2013's movies out of this world, down to earth
Warner Bros. Pictures
"Gravity" co-star Sandra Bullock says making the lost-in-space movie directed by Alfonso Cuaron was her "best life decision" ever.
Bruce Dern (left) as Woody Grant and Will Forte as David Grant are shown in "Nebraska," about a booze-addled father who travels to Nebraska with his estranged son to claim a million dollar Mega Sweepstakes Marketing prize.
Emma Roberts, Jennifer Aniston, and Jason Sudeikis star in "We're the Millers."
Lea Seydoux and Adele Exarchopoulos in "Blue Is the Warmest Color."
daniel daza / Roadside Attractions
Robert Redford sails solo in J.C. Chandor's "All Is Lost."
Warner Bros. Pictures
Drinking buddies (from left) Bradley Cooper, Ed Helms and Justin Bartha make merry in "The Hangover III."
gregory smith / sundance selects
Sam Riley (left) portrays Sal Paradise/Jack Kerouac and Alice Braga plays Terry/Bea Franco in "On the Road."
Alison Rosa / CBS Films
Oscar Isaac (left), Justin Timberlake and Adam Driver in a scene from "Inside Llewyn Davis."
We're with astronauts, spacewalking. We've seen sci-fi movies before, but not like this. The camera seems to be floating weightless. We can't see any fixed horizon. There's no up or down, because how could there be? And in weird proximity, there's the curve of the Earth, occasionally sliding into view as the main characters become aware that something might be going wrong.
I can't imagine anybody not feeling goosebumps as this amazing world unfolded before our eyes.
"Gravity" was a technical advance and an old-fashioned survival story, but most of all it was evidence that the movies haven't stalled out. We've still got adventurous filmmakers out there -- some working on a big canvas, some tiny -- willing to show us something new.
In other words, I thought it was a pretty good year for film, especially when the awards contenders began rolling in from October onward.
The summer was big box-office, but disappointing in its blockbusters -- there wasn't a good Batman movie or a giddy "Avengers," but more like a trudge through superhero overload.
The year's big winners included Disney, which had already set an all-time box-office record by the time the well-reviewed "Frozen" came out to ring up even more receipts in November. The company even indulged in celebrating its own mythology, as "Saving Mr. Banks" captured Uncle Walt himself and the making of "Mary Poppins."
Documentary filmmakers did some amazing work. Some advanced the idea of what a doc could be ("Leviathan," "The Machine which Makes Everything Disappear"), some did great muckraking work ("Blackfish" may well change public attitudes about keeping whales in captivity), some were joyful musical histories ("20 Feet from Stardom," "Muscle Shoals").
And as you've probably heard, it was an unusually good year for black filmmakers, with "12 Years a Slave" winning critics awards, "Lee Daniels' The Butler" cleaning up at the box office, and "Fruitvale Station" announcing a talented new director.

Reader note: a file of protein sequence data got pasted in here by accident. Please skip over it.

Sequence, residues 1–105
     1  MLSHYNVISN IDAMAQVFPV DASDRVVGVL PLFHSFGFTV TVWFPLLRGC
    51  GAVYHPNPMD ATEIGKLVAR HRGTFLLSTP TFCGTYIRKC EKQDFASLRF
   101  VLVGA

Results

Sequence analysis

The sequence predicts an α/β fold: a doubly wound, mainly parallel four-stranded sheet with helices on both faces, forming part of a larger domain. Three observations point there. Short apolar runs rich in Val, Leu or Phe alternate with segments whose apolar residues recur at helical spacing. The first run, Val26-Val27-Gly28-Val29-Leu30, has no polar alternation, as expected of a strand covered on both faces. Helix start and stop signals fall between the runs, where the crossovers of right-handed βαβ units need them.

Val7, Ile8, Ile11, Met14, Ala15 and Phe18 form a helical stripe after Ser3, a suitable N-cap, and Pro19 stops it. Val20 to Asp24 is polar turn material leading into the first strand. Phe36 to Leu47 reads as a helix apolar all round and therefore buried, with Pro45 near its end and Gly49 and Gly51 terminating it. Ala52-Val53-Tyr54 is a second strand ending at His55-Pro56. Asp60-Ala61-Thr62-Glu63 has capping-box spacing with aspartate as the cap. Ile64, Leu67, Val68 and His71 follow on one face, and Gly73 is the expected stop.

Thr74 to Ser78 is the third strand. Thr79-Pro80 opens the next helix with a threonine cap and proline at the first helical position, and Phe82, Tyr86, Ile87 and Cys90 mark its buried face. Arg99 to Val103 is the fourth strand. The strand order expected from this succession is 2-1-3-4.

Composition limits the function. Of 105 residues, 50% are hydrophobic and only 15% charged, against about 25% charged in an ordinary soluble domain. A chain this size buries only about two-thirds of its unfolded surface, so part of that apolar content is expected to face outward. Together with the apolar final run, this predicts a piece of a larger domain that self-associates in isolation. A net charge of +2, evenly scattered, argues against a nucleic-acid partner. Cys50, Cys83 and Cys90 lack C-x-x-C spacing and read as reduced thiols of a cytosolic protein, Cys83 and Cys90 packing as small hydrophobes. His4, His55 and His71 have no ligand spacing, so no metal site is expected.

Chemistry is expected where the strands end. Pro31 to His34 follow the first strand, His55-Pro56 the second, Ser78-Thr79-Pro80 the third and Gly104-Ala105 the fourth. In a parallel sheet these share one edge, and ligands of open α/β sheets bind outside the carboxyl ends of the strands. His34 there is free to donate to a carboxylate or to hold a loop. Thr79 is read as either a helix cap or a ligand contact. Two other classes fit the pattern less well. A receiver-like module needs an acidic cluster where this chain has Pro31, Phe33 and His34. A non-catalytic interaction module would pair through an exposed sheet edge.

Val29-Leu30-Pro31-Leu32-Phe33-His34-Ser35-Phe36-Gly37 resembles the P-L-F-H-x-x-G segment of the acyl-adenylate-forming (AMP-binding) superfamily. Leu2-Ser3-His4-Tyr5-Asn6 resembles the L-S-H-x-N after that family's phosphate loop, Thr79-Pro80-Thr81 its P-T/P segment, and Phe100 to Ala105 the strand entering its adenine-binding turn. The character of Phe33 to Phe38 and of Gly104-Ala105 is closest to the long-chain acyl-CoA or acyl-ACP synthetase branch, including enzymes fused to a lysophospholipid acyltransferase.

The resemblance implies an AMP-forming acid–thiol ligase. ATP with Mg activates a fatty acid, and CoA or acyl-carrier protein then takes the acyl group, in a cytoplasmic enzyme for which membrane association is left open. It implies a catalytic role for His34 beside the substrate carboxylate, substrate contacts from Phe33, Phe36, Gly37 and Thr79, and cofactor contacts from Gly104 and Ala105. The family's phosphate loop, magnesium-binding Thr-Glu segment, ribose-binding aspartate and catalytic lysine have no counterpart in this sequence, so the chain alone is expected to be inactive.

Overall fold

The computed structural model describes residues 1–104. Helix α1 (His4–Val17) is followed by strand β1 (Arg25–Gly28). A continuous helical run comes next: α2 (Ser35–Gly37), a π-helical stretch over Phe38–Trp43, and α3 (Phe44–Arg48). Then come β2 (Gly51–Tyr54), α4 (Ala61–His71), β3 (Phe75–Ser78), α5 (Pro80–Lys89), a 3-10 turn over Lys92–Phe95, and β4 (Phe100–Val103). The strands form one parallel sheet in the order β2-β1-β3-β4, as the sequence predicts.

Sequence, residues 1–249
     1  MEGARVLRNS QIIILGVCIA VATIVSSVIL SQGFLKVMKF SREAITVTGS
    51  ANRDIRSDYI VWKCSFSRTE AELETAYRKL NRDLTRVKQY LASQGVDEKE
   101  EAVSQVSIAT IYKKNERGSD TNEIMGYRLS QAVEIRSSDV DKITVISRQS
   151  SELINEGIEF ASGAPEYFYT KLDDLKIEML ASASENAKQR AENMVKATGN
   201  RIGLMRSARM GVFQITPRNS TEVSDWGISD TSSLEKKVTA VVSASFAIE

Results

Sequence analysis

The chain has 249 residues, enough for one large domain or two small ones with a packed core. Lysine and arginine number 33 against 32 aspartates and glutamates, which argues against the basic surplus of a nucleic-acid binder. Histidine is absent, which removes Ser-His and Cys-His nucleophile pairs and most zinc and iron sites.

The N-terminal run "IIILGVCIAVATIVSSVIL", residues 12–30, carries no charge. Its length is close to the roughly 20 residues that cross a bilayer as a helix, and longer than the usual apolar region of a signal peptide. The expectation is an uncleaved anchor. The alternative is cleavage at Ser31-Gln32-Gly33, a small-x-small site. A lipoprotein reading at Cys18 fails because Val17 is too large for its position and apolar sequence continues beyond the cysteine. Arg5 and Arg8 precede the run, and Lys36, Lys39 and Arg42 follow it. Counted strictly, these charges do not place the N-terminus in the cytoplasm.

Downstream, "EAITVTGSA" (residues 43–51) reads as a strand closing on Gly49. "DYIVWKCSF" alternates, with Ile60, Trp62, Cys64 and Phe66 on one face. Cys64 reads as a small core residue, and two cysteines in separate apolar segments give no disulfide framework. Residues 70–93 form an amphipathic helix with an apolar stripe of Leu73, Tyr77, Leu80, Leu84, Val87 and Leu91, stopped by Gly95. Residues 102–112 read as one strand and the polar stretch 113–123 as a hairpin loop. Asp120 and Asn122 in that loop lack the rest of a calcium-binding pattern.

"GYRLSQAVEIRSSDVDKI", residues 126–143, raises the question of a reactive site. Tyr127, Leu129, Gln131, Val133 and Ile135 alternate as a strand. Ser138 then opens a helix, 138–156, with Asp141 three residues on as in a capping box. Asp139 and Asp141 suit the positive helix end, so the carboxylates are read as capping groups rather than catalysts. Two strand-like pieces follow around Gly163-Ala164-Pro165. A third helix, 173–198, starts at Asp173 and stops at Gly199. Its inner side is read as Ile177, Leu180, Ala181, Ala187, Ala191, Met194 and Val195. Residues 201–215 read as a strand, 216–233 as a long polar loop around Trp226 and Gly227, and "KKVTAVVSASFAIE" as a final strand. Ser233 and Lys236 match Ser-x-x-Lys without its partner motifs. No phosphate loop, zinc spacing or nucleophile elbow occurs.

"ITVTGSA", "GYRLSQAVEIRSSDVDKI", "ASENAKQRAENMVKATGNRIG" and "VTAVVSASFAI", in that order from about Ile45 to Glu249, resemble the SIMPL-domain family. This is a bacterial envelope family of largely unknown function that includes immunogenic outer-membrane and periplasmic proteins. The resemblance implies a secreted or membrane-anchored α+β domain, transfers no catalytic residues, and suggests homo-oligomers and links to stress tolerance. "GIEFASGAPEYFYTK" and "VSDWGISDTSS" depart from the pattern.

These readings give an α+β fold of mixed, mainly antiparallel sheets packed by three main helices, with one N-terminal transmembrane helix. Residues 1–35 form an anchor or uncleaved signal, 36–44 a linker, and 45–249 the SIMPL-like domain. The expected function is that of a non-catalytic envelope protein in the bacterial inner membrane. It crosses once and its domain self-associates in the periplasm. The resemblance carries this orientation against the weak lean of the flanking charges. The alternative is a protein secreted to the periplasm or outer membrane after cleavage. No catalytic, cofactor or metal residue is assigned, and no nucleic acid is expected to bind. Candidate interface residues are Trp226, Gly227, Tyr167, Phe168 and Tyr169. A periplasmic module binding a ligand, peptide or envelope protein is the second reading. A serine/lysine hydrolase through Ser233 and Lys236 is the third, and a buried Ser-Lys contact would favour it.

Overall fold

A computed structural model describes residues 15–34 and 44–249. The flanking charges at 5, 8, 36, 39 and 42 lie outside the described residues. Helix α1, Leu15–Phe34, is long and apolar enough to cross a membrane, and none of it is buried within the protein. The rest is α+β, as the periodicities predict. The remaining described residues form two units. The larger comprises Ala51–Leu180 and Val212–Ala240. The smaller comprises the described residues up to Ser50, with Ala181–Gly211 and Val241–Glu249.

Let's hope in future this is the norm, not an anomaly.
The year's losers included the '80s action stars. Sly Stallone bombed with "Bullet to the Head," and Arnold Schwarzenegger's comeback "The Last Stand" flopped badly. Oddly, their subsequent teamup, "Escape Plan," turned out to be rather fun -- but audiences were already turned off at that point.
The idea of a comeback for the Western took at hit with the widely panned "Lone Ranger," although the movie actually did make enough money overseas to mitigate some of its costly write-off (it wasn't a completely good year for Disney, after all).
And while it was not a good year for sequels, at least the second parts of the "Hunger Games" and "Hobbit" franchises showed improvement over their initial installments.
But let's get to the best. Here's a list of my faves. Your list will be different -- and that's how this is supposed to work. A free road trip to Lincoln, Nebraska, to the following:
1. "Something in the Air." A loosely shaped, passionate tale of a college kid in the early 1970s who moves through stages of radicalism, heartbreak, disillusionment and love for art and movies. Gee, I wonder why I liked it so much? Director Olivier Assayas is in his groove here, gazing at his foolish romantics with just the right balance of sympathy and distance (he shows how some of that romantic foolishness results in people actually getting ruined, for instance). But he hasn't lost his belief that art remains a salvation.
2. "All Is Lost." A man -- "Our Man," according to the end credits -- tries to salvage a catastrophe aboard his sailboat during a solo journey in the Indian Ocean. As director J.C. Chandor ("Margin Call") shows, with patient meticulousness, this guy does everything right, acts in a smart way and works hard. None of that will ultimately help, because the movie knows, in the end, for everybody, all is eventually lost. Robert Redford, beautifully cast, really does have the role of a lifetime.
3. "Gravity." The cold blackness of space reflects an astronaut's inconsolable grief about her earthly life. That's a simple idea, but movies aren't ideas, they're experiences -- and hoo boy, has Alfonso Cuaron created a cinematic experience like no other. The technical feat of astronauts floating in a horizonless frame is astonishing, but people were wrong when they said this film points to the future of movies. It actually returns us to film's original sense of wonder, of seeing things in an unimaginable new way.